Picks and Pans Review: Flesh and Blood

UPDATED 07/28/1980 at 01:00 AM EDT Originally published 07/28/1980 at 01:00 AM EDT

Roxy Music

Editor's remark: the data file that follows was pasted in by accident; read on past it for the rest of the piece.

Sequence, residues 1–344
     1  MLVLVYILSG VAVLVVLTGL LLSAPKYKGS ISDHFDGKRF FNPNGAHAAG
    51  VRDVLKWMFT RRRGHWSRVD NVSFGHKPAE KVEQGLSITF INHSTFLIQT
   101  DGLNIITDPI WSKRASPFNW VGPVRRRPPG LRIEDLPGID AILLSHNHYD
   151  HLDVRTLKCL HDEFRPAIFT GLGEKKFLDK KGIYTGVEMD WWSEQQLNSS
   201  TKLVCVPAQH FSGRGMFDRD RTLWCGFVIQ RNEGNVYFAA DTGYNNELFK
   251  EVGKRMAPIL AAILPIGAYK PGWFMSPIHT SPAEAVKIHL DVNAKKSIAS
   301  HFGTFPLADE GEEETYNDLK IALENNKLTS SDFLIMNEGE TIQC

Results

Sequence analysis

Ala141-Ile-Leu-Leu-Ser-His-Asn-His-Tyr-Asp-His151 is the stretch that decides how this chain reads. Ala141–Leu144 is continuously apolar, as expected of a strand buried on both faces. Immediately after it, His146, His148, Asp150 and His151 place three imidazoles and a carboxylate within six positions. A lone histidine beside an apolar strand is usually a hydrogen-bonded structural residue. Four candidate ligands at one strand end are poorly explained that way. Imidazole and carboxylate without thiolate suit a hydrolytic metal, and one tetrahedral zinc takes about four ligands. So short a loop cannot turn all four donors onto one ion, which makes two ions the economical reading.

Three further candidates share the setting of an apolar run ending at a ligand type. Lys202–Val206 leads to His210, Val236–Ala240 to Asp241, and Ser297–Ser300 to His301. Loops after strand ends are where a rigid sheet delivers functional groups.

Obsolescence isn't always planned. Eight years ago Roxy Music was a cutting-edge band, driven by the strong personality of Bryan Ferry. His singing was seductive, and his tunes explored an ethereal world between sweet dream and nightmare. The rhythm was strong and fluid, and the group discovered street-corner-Romeo saxophone long before. Bruce Springsteen hired Clarence Clemons. In the days of bent notes and long-sustained tones, guitarist Phil Manzanera was one of the best. But Roxy petered out, and in 1977 disbanded—a decision the boys should have stuck by. Ferry, with Manzanera and saxman Andy Mackay the only survivors from the group's 1972 debut LP, simply coast on pink clouds of listless writing. The Byrds' Eight Miles High taxis but never takes off, and surely the band didn't mean to turn Wilson Pickett's classic Midnight Hour into a lullaby. "Young loving may be so extreme/Maybe we should try the same old scene," Ferry writes, defining his problem. Listening again to the glories of the old Country Life, Stranded and For Your Pleasure albums underscores the point: Flesh and Blood is just skin and bones.

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